As autumn creeps into winter and more clothing is needed to ward off the chills, I have finally plucked up the courage to check my woollens to make sure there are no signs of moth damage.So far, so good: storage bags from Lakeland have successfully protected my cherished hand-knitted sweaters and a couple of cashmere jumpers. Holding dark items up to the light is a handy way of finding out whether any fine dining has been taking place.
I am now well over halfway through my self-imposed challenge not to buy any clothes for a year, and found the summer months much easier than the colder ones. But having to return to my tights and sock drawer after several months of bare-legged freedom has been a sobering experience.
Fortunately my mother taught me how to darn and mend tights and socks, which I have got used to doing. The problem is that most of my tights tend to attract holes and ladders around the toes and feet. So when I pulled on a thick pair of tights last week for work, I was very conscious of the long and rather uncomfortable ridges under my toes. Wearing a pair of wide chunky boots seemed to ease the discomfort.
I’m certainly not the only person to be undertaking this kind of challenge and wondering about the practicalities of mending tights. There’s no point trying to mend sheer or low denier tights as they are too fragile, but you can certainly extend the life of thicker nylon, cotton and wool tights and socks.
The key with any kind of sewing or repairs is to do it as quickly as possible (or to stop ladders in their tracks with a dash of nail varnish as an emergency measure) so you are not endlessly unfurling hosiery first thing in the morning, greeting every unexpected ladder or tear with a yelp of frustration. When the tights – with their webs of intricate hand-stitching – are really too far gone for further repair I put them in my local textile recycling bank and marvel at the bit of extra space that has been freed up.
This week, retailers such as John Lewis and Topshop and knitting groups across the UK are helping to champion British wool as part of Wool Week. Backed by the Campaign for Wool it is dedicated to raising the profile of the natural fibre as a sustainable and stylish substance, and one of the most effective, natural forms of all-weather protection. And it is perfect for upcycling: boiled or “felted” wool can be used to make handbags, corsages and badges, and even jewellery and art.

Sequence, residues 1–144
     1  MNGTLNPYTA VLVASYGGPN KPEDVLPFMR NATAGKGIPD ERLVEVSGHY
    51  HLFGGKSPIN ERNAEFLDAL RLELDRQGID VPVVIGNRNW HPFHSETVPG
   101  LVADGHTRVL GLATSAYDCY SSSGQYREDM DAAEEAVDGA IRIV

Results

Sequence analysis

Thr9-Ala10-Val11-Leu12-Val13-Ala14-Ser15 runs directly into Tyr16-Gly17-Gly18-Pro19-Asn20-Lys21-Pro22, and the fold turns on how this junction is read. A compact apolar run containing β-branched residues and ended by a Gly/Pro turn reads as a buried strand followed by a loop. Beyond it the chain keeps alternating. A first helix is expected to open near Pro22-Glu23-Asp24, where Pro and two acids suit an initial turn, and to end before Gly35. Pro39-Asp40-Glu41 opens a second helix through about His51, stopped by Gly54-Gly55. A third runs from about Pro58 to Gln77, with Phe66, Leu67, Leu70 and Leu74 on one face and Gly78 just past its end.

Marks & Spencer is selling its first garment made from old or unwanted woollen clothing donated by customers through its shwopping scheme. The limited edition double-breasted 1960s pea coat is on sale in selected stores and online for £89 – half the cost it would be if made from virgin wool.
Not that I will be buying one, of course.
At home I’ve been hunting for bright accessories to lift the spirit. I’ve got my eye on the luminous orange chunky scarf my daughter started knitting last year. It is only a square at the moment but I am an eternal optimist.
I am heading into the last lap of what has been a life-changing exercise, and one which has definitely helped my bank balance. But with the high streets filled with fabulously stylish autumn wear, I am determined to stay strong and resist temptation. Though I’m not looking forward to the racks of party dresses and evening wear that will be wheeled out in the run-up to Christmas.
How do you cope with the retail temptation offered by the new seasonal ranges? And do you feel guilty when you have Christmas shopping to think about as well
This article originally appeared on guardian.co.uk
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